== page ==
They are 1) subordination of capital, 2) democratic control, and 3) operation
at cost. The I.R.S. is clearly skeptical of the ability of market-rate
cooperatives to meet all three tests.
CNYC challenges the inference that, for housing cooperatives to operate
on a cooperative basis, individual shareholders cannot profit from their
participation in the cooperative. When individual farmers join together
to sell their produce through a cooperative or when individual grocers
or hardware merchants join together to purchase goods through a cooperative,
each member of the cooperative seeks to make a profit as a result of dealing
through the cooperative. Similarly, individual shareholders in some housing
cooperatives make an eventual profit - or, for that matter, they may experience
a loss - on the sales of their apartments. This has no bearing on whether
the cooperative itself is operating at cost.
CNYC continues to maintain that Section 277 does not apply to housing
cooperatives. We reject the inference that one or the other of these provisions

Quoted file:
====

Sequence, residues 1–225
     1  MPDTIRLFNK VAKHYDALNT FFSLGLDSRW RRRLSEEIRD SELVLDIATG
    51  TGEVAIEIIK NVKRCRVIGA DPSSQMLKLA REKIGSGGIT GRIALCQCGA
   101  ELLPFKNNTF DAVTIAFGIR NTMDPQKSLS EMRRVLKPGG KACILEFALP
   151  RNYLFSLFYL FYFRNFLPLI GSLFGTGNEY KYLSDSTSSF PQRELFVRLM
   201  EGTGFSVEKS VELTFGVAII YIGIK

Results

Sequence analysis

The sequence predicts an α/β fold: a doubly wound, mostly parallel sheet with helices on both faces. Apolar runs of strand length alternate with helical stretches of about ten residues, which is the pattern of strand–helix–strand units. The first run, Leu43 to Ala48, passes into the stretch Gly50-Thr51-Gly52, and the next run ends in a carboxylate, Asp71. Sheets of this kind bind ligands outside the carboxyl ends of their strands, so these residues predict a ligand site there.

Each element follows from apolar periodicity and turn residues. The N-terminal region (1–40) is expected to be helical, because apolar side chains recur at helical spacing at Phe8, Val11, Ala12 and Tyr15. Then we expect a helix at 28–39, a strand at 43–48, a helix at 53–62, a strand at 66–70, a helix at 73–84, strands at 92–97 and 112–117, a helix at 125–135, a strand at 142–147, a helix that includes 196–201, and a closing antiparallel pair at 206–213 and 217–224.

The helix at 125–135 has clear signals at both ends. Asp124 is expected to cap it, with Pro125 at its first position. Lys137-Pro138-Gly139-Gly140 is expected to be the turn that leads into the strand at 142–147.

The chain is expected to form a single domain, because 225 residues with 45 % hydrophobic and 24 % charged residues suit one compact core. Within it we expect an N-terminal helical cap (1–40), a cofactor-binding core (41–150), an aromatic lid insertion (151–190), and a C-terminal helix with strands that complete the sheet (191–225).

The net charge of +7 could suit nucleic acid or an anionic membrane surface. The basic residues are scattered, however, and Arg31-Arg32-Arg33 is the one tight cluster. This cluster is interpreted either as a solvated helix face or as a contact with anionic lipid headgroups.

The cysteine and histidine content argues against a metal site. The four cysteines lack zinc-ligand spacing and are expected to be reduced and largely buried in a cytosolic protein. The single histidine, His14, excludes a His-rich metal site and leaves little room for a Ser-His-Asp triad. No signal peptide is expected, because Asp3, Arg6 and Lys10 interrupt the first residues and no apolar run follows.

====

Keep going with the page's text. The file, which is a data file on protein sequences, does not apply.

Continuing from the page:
must be applied to housing cooperatives.
Support Passage of H.R. 1546
Legislation continues to be the best long-term remedy for all cooperatives.
CNYC continues to work with the National Association of Housing Cooperatives
(NAHC) and the National Cooperative Business Association (NCBA) to affirm
that Section 277 does not apply to housing cooperatives. H.R. 1546 makes
this affirmation. Its prime sponsors, Charles Schumer and Charles Rangel,
have been joined by more than a dozen co-sponsors including representatives
Rush of Illinois and Toricelli of New Jersey, and the entire New York
City delegation. Senate support could achieve passage of this legislation.
Tell the Senate About Your Situation
Please write to Senator Moynihan and Senator D'Amato. Tell how your cooperative
is threatened by Section 277 and ask them to include H.R. 1546 in an appropriate
New York State has Reopened 277 Cases
The Division of Tax Appeals (DTA) of the State of New York, which had
suspended activity on cases relating to Section 277, has decided to schedule
trials of those cases. Starting in mid-December, the DTA will begin to
hear these cases. The Department of Taxation and Finance's representative
has indicated that if the cooperative can prove it meets the three tests
cited above, the state will acquiesce.